What NHS England isn’t telling you, and more indispensable weekly insight for commissioners, by Dave West

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Providers are starting to hold hands

Getting healthcare providers to work together a lot more, and in some cases join completely, runs through commissioning strategy across England.

The vision is that our current archipelago of trusts and FTs will join in alliances of island nations; while the disparate dinghies of general practice club together and buy nice new ships, or at least form flotillas.

There are of course some CCGs or councils which are wary of their local hospitals joining forces or of GP practices being pressed into bigger groups. Many also doubt the benefits of merging trusts but there is now a menu of other options: Chains, alliances, sharing leaders, or franchise.

In general, payers in the NHS have good reason to support consolidation, and it certainly has strong backing from NHS England.

A string (or chain?) of developments in the acute sector in the past few days caught my eye.

Some patches (these ones among them) have a surfeit of independent trusts and FTs which is getting in the way of sensible decisions on services, and pushing up costs. They have been crying out for consolidation.

There is a danger that the channelling of £1.8bn “sustainability” money towards hospital trusts, and other measures being taken to take the heat off providers in 2016-17, could result in these types of discussions slowing down.

But, while it would be far too starry-eyed to conclude that the acute sector is getting somewhere, there seem to be a growing number of providers willing to at least hold hands with each other, if not move in together.

In general practice, consolidation is happening too – but it feels like there’s a very long way to go. HSJ, the Nuffield Trust and others have documented a recent rush to form more GP federations, but not enough direction in what the groups are doing.

The leader of one of England’s biggest federations (by practices covered) shared his frustration at a lack of national support with HSJ this month. This might be a case of special pleading, but there has been a notable absence of national direction for primary care since a new, voluntary contract for large GP providers was proposed by the Prime Minister five months ago.

We should expect movement soon, though: A package of measures to help GP practices, labelled the “GP roadmap”, has been stuck in traffic since January, but is expected to arrive in the next few weeks. This is likely to include next steps to encourage joint working, and an overdue update on the Prime Minister’s Challenge Fund. More likely to be of popular interest, if it comes to be included, is the prospect of a promise to ease up on CQC GP inspections.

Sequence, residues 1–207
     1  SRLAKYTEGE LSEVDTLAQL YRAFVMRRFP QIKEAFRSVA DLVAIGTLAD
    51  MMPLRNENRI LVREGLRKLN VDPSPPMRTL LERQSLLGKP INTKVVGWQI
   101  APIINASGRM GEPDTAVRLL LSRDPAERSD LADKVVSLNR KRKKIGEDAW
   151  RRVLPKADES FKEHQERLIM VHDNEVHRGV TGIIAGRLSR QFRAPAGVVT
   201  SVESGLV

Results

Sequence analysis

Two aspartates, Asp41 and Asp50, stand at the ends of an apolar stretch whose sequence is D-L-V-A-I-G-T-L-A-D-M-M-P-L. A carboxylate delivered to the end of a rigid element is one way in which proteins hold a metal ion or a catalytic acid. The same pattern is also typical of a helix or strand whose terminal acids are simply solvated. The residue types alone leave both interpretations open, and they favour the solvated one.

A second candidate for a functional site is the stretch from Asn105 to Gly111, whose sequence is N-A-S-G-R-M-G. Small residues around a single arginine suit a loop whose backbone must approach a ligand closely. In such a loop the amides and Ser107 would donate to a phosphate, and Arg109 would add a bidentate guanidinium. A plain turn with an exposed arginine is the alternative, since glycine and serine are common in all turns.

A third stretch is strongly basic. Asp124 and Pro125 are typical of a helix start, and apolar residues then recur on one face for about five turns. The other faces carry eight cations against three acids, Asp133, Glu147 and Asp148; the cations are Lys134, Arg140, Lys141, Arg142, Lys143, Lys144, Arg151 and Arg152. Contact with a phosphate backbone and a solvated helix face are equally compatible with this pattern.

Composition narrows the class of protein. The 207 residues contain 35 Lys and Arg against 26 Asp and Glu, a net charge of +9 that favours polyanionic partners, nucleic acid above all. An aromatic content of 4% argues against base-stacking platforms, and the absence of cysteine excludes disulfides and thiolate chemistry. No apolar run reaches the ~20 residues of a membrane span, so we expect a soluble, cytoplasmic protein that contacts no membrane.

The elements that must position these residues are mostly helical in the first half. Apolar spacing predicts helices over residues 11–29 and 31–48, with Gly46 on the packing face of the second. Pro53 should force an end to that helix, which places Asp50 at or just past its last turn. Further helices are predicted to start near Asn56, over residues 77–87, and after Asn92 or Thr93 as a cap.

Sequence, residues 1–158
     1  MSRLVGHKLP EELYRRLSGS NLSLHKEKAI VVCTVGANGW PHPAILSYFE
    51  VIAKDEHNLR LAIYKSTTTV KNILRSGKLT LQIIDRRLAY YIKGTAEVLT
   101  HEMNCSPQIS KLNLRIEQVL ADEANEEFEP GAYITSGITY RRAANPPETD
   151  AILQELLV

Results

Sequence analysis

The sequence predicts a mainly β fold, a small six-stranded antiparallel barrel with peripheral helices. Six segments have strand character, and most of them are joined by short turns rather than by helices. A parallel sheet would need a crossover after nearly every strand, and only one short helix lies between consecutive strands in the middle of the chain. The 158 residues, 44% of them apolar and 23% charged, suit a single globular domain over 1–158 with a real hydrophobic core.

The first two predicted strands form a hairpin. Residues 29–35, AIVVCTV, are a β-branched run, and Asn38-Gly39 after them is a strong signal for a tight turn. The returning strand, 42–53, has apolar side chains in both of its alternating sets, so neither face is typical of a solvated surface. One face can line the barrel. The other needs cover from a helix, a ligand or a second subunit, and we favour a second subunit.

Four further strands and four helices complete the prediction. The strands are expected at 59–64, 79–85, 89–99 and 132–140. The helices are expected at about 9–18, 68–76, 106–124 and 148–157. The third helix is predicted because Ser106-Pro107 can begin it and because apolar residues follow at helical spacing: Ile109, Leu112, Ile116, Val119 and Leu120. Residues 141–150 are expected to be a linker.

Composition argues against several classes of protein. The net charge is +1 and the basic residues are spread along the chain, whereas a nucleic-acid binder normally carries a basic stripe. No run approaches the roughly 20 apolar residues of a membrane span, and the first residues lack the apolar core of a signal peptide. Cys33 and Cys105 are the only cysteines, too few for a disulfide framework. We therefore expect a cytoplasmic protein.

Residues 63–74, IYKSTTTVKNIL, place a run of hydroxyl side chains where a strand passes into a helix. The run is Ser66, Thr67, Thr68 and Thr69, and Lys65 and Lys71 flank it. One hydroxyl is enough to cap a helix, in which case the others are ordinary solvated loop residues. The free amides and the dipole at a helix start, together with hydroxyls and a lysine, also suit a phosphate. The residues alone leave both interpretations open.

This week in: The Commissioner feedback

Last week I covered the issue of conflicts of interest, which can often be relied upon to get backs up. To recap:

  • Developments over the past year might mean we are heading for a new tougher line on conflicts in commissioning from NHS England and government.
  • There is a fairly widespread and substantial blending of GP provider and commissioner roles in CCGs, which some in and around the NHS have always been very uncomfortable with.
  • However, there has been little evidence so far of conflicts in CCGs actually being acted on or abused for personal or business gain.
  • Since the extent of conflict in CCGs has been well known for a long time – and accepted as part and parcel of GP engagement – it would be a bit phoney for senior national figures to now present it as a new discovery which they have a big problem with. But they might do that.
  • If there is to be a tougher approach, the options available include tighter rules on declarations and governance; watering down the role of GPs in CCGs; and looking to new models of commissioning to help.

The latter option was put forward in a Times leader, but as discussed in the Commissioner last week, the introduction of lead provider or “accountable care organisation” type models could bring at least as much additional risk of conflict as it does to eliminate it.

One reader commenting anonymously on HSJ.co.uk makes a similar point more forcefully:“Whilst GPs and hospital consultants can be singled out for having a PERSONAL conflict of interest and financial or research ties, the idea that new models of care or local government partnerships solve this, that a hospital or local authority leader is less conflicted, is nonsense.

“Personal conflicts of interest are the tip of a much bigger iceberg of INSTITUTIONAL conflict of interest distorting decision making affecting commissioners, providers local authorities, and, don’t forget, regulators.”

Another says the whole debate is an overreaction: “Vested interests of provider-commissioners (GPs in CCGs) were anticipated… and can be managed with sensible governance. GP-led commissioning is a walking conflict of interest. What’s the problem?”

I’m going to be on holiday for the next two weeks - see you in mid April.

Dave West

Senior bureau chief

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